Top stories: COVID-19 data debate; new normal in schools


Release of COVID-19 data varies by border community; Lawmakers call for centralized database

The coronavirus pandemic has thrust many communities into the role of daily communicators of information to the public and media. But how much information to give out on COVID-19 cases, and what might violate federal privacy laws has led to a myriad of confusion and vastly different amounts of details being released, especially among border communities. In South Texas, border counties greatly vary in what they release, and what they don’t. And several Democratic lawmakers are calling for more federal guidance right now, including more information released on racial, demographic and nursing homes affected by COVID-19.In South Texas, border counties greatly vary in what they release, and what they don’t. Adding to the confusion is Mexico’s lack of information regarding coronavirus patients and fatalities in its northern border towns, like Nuevo Laredo, Reynosa and Matamoros. That is particularly troubling to local officials who recognize the vast number of residents and business associates who are still crossing daily between countries for necessary travel and who could be carrying the contagion. Read Sandra Sanchez’s story here.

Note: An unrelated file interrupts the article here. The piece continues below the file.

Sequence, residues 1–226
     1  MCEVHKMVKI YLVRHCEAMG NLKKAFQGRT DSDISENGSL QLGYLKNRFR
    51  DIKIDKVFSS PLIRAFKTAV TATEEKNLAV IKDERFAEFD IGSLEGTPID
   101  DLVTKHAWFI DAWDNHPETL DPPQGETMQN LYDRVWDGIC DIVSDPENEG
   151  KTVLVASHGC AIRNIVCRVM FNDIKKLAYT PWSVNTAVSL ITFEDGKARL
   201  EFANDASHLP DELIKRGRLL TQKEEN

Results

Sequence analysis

2 years before schools get back to normal, doctor says

Dr. Howard Taras, physician who works for San Diego Unified is predicting schools won’t return to “normal” for two years after they re-open. Once they do open, he is making a number of recommendations to keep students from getting COVID-19. Read Salvador Rivera’s story here.

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